It was a grateful Chuck Lorre that came to TCA on Wednesday to address the rebirth of “Two and a Half Men” after the blowup last year with former star Charlie Sheen.
Lorre opened the sesh by emphasizing “we are grateful to be here.” He and co-creator Lee Aronsohn also stressed that they knew it was a long shot to relaunch the show with Ashton Kutcher. “It’s been a fun, exciting, challenging, terrifying experience,” Lorre said. “We’ve been laughing a lot.”
The questions about Sheen were kept to a minimum. Of the prospect of a reconciliation, Lorre said: “I wish him well. I’m glad he’s sober, happy and healthy.”
Aronsohn made a point of noting that the talk of strife between Lorre and Sheen during the show’s eight seasons of production was misstated. “I never saw that,” he said. “All of that came up after Charlie left the show. What’s been built up as a feud never really existed.”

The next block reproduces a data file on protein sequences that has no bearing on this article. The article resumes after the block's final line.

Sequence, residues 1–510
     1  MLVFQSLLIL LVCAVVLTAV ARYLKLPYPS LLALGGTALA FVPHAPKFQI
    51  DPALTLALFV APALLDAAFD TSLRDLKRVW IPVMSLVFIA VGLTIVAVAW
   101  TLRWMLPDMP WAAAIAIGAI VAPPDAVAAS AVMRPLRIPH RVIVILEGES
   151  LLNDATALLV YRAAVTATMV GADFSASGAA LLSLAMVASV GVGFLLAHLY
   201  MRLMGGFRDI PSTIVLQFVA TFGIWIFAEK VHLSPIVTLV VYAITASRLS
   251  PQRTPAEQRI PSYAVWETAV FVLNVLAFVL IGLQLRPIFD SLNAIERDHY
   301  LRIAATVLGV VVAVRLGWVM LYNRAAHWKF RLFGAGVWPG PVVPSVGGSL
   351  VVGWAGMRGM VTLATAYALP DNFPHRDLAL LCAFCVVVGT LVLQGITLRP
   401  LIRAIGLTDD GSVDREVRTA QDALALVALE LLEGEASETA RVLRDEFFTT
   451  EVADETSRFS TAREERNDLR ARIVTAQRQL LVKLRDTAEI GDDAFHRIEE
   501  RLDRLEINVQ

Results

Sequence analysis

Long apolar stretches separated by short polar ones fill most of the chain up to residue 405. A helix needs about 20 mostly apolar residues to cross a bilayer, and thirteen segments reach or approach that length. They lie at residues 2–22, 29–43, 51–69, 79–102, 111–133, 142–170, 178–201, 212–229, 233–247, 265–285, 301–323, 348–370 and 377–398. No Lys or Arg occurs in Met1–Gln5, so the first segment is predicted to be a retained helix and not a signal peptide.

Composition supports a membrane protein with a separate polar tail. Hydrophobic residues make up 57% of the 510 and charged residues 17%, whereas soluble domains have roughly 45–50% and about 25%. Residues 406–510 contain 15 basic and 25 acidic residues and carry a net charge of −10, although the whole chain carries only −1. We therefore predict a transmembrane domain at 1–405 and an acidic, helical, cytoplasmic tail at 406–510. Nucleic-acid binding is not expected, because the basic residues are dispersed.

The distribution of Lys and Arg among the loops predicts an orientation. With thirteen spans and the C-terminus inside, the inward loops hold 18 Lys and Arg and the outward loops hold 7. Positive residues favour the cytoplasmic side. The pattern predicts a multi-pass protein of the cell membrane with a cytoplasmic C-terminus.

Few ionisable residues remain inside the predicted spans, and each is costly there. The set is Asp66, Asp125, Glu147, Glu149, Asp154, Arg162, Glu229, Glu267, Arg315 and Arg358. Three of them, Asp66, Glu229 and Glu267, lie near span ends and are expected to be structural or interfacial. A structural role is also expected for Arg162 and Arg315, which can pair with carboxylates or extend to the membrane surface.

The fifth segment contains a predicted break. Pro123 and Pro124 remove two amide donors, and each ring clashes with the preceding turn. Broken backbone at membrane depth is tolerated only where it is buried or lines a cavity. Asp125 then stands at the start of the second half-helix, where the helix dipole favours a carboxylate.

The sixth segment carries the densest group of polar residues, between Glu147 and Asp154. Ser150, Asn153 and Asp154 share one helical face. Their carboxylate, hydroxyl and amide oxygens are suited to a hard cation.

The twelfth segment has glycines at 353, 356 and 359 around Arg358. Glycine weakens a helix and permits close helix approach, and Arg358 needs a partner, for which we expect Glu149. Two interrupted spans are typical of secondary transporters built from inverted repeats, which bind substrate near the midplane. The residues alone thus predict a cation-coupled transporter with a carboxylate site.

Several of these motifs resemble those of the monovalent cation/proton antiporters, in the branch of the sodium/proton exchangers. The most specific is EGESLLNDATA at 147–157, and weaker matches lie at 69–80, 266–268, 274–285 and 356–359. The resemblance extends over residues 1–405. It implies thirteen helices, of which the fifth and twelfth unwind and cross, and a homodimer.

Lorre acknowledged that the prospect of having to reinvent the eight-year-old sitcom was daunting, but so was the idea of show ending on such a sour note, on and off screen. “At first it seemed like an impossible and slightly ridiculous thing to do,” Lorre said. “But at some point it seemed like — why not try? If we fail, no one will be physically harmed. (Otherwise) it seemed like such a heartbreaking way to end.”
Lorre thanked Kutcher for having “come in and kept the lights on” by influencing the development of a character — a jilted, sensitive billionaire — who is worlds apart from the womanizing playboy played by Sheen.